The Scent of a Scandal

Here is the premise of this book: a true crime story about orchids. I had to read this book. In the family orchidacae there are approximately 25,000 to 30,000 different species. There are approximately 100,000 hybrid versions of these flowers. The industry is worth an estimated $44 billion per year with an extensive black market trade despite world wide trade tariffs. I will admit I do not know much about these flowers, but  I think they are a very pretty flower. Apparently some people believe they are more than just a beautiful flower and are obsessed with them to the point of committing criminal acts.

Outside of Sarasota, Florida is a small botanic garden known as the Marie Selby Botanic Garden. Not one of the larger botanic gardens in the world, it had carved out a niche for itself as a orchid specialist garden. The garden included research facilities for the study and propagation of orchids, although this was not its only stated mission. The garden was started in 1971 when Marie Selby died and left her house and $2,000,000 for maintenance of the house as a botanical garden. A local doctor who was on the board pushed for the emphasis on orchids as they were his favorite flowers. In 2002, the garden was being run by a woman named Meg Lowman. She had a botany PhD., and her real interest was research in the rain forest canopy. She had no experience running a garden but was apparently a whiz at soliciting donations. The scientists on staff did not agree with her style and wanted to change the focus even though the garden was flourishing.
In 2002 the Redland International Orchid Festival was held outside of Miami. It is the largest orchid show in the world. One of the vendors had a plant from Peru for sale that was being hawked for $10,000. The scientists were very interested. After the show one of the scientists received a picture of an orchid he had never seen before. He realized it had been at the show, was a new species and assumed someone else had started to classify the plant. The way the taxonomy works with orchids is that once the name is cataloged and then published the name sticks. In 2002 the American Orchid Society had just 23 approved taxonomists available. 7 of them worked at Selby.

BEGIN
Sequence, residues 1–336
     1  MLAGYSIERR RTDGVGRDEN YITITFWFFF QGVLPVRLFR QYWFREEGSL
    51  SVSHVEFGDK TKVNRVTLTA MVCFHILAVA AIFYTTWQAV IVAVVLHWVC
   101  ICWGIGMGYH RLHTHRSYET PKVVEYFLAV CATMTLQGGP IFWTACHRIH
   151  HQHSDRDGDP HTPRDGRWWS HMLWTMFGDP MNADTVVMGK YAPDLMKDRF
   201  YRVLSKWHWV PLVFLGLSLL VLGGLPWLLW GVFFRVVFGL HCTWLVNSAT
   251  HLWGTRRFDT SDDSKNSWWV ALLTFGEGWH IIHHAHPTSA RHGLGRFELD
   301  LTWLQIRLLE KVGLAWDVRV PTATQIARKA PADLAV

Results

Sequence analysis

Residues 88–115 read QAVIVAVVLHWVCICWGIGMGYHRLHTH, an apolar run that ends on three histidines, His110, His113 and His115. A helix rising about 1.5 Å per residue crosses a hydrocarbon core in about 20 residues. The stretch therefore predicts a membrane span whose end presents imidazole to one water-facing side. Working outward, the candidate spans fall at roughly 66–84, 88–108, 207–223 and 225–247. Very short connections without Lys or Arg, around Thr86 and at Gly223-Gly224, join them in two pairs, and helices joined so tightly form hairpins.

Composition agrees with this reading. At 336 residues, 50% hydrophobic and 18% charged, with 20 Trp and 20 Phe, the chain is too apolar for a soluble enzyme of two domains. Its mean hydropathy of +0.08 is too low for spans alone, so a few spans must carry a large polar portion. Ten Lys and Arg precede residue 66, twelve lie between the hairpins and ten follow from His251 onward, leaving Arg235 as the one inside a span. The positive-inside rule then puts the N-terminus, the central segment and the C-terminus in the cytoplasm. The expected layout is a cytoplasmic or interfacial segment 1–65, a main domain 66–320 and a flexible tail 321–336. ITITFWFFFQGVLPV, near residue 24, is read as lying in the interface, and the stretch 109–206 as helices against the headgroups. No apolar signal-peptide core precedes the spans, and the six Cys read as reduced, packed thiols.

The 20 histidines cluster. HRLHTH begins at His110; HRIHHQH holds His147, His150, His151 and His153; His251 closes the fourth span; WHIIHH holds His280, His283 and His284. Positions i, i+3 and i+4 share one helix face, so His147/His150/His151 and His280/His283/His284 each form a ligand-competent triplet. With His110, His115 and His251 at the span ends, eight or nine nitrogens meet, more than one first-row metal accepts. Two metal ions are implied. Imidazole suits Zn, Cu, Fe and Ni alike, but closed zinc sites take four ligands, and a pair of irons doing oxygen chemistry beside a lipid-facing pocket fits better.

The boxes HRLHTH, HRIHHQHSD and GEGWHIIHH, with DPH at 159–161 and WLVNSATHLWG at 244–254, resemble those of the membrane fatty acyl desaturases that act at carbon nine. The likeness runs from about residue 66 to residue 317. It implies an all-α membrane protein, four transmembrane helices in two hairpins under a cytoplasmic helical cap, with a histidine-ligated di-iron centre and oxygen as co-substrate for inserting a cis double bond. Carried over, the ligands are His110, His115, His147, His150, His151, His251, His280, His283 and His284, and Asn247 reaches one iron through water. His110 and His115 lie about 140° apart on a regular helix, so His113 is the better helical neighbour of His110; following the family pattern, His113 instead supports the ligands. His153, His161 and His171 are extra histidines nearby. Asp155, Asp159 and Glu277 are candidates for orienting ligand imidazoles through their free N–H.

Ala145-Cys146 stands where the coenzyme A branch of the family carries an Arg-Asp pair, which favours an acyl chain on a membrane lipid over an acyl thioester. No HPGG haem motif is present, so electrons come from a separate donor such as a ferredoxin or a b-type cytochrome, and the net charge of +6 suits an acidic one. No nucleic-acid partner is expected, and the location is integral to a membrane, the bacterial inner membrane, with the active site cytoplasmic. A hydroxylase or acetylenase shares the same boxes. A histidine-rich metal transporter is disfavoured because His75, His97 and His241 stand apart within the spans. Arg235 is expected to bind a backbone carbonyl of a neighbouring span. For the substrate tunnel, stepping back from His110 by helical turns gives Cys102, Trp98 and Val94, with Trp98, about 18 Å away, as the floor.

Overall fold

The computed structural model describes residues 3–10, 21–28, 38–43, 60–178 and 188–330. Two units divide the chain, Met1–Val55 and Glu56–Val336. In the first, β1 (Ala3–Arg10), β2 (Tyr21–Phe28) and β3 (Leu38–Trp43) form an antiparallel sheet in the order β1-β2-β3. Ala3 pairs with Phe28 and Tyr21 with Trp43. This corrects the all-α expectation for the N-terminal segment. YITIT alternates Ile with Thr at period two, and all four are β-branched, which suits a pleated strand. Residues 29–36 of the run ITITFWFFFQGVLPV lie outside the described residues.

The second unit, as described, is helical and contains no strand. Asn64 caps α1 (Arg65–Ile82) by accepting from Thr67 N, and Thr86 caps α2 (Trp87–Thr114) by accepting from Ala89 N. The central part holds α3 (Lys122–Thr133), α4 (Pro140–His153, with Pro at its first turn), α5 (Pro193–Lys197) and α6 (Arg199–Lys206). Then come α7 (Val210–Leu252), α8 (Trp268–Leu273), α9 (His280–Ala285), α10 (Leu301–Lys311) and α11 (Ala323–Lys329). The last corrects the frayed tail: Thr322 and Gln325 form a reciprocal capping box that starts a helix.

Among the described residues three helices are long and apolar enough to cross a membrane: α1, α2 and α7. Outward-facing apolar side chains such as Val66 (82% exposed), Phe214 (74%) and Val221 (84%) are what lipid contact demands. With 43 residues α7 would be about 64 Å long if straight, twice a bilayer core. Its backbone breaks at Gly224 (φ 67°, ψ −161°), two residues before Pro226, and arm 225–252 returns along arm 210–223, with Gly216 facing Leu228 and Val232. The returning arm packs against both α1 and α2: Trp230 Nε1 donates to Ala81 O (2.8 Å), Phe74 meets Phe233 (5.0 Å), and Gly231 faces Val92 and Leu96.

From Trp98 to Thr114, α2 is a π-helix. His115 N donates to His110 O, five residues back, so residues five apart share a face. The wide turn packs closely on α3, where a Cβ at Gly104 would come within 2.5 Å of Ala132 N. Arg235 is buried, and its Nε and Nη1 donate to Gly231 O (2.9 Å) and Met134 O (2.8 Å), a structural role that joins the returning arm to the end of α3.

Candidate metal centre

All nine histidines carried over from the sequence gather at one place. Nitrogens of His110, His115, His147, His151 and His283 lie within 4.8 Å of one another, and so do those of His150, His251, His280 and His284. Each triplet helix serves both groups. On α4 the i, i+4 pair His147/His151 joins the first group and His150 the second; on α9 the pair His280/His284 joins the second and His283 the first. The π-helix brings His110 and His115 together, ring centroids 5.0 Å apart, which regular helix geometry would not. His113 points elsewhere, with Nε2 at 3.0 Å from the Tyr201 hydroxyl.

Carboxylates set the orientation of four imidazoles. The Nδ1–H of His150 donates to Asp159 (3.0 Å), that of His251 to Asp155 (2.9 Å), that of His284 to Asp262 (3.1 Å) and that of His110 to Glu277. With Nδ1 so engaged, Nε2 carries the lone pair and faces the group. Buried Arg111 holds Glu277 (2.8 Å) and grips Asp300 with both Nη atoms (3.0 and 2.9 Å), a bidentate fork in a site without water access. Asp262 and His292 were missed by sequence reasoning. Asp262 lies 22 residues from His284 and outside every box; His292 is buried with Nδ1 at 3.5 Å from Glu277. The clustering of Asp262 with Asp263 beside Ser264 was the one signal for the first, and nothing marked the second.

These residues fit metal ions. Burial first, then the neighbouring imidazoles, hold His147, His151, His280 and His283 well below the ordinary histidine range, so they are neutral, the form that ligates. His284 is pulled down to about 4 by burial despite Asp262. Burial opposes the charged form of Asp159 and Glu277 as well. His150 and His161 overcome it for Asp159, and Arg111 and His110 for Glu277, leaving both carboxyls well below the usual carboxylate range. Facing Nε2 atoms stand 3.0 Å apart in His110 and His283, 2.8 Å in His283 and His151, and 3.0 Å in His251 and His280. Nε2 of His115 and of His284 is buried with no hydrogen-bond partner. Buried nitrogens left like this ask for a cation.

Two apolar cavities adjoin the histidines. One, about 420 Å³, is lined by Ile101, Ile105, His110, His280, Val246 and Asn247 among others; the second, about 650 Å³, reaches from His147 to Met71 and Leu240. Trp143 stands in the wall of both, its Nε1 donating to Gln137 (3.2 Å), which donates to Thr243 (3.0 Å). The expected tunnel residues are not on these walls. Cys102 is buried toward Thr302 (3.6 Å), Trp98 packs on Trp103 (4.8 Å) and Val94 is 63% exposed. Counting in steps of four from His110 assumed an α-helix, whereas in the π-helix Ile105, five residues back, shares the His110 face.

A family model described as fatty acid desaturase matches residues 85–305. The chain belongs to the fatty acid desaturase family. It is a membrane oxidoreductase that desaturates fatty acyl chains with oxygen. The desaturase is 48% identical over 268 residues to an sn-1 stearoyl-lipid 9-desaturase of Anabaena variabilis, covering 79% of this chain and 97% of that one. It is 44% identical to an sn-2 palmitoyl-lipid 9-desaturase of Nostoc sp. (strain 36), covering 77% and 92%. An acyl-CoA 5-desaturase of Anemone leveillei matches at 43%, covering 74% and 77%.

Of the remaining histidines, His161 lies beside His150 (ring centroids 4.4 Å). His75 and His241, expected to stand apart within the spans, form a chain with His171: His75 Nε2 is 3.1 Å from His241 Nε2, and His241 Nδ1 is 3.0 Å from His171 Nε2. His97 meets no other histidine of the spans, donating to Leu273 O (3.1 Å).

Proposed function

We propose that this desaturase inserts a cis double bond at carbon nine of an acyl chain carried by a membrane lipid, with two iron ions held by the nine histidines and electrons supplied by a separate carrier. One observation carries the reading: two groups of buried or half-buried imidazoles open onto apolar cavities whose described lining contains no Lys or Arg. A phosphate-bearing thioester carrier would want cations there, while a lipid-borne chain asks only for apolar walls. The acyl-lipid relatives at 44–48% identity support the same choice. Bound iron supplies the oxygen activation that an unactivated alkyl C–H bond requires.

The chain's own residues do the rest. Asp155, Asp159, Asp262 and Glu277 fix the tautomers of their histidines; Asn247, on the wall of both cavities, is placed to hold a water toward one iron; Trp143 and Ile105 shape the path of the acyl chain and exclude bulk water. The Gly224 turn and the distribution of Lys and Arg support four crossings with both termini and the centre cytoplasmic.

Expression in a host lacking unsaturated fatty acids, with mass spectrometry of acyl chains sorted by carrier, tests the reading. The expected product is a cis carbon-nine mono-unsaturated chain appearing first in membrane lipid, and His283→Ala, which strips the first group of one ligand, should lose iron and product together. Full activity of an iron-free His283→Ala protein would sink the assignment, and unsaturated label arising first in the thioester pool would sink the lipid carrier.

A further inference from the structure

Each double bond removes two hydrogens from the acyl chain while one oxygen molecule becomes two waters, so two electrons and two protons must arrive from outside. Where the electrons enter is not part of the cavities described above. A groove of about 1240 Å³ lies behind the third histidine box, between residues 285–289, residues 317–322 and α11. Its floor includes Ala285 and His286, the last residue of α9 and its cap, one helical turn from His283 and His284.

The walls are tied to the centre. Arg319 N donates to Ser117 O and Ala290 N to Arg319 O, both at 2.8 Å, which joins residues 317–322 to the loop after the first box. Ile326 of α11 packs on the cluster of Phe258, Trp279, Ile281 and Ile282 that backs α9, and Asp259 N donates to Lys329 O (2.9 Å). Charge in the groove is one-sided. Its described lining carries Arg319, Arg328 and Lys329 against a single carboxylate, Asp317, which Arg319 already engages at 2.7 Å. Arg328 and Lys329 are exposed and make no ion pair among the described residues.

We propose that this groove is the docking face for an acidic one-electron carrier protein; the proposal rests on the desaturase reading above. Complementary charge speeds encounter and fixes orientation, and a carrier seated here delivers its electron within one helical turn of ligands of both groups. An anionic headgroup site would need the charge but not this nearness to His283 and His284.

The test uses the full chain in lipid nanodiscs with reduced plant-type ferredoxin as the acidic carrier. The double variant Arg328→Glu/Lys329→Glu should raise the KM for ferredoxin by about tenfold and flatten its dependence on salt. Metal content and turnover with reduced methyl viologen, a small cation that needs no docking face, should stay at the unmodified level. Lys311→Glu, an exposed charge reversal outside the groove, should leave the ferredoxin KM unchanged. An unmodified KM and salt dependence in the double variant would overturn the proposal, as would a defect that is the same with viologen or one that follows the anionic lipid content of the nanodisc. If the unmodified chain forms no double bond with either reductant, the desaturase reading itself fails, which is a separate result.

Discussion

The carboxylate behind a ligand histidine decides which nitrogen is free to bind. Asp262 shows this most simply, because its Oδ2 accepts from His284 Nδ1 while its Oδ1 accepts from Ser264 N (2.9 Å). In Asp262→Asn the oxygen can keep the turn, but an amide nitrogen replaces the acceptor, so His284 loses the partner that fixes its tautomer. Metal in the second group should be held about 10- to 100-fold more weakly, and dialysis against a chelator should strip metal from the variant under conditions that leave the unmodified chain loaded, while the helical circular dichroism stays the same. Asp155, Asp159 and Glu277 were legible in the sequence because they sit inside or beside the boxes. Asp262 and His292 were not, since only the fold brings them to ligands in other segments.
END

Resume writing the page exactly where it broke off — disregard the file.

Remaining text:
In order to classify a plant you must have the plant. In order to get the plant out of the country of origin, the plant must have a name. And the plant must have a permit to be both exported and imported. This is all governed by international law. Sometimes it is also covered by the FDA , the US Customs Service and the USDA. Everyone can have their say. Rarely is anyone ever prosecuted for smuggling an orchid. Usually the plant is confiscated and sent to a garden to be warehoused while someone, somewhere decides what to do with it. Not so in this case.
The taxonomy for the orchid was done at Selby and published. The garden thinks everything is in order but soon comes to realize that this is not the case. There are no permits for this orchid,  even though the man who brought the orchid into the US said her had the proper permits. The US attorney gets involved as does the government of Peru, who not only wants its orchid back but wants to change the name so it reflects the country of origin.  The investigation starts and the lawsuits begin.
I found this book fascinating. Not the dry legal case it sounds like, the book is filled with myriad characters - some savory; some not so much. There is so much information packed into this book about international treaties, the US attorney's office and just plain odd characters I could not put the book down. A short read, this book will be an interesting way to start the growing season.

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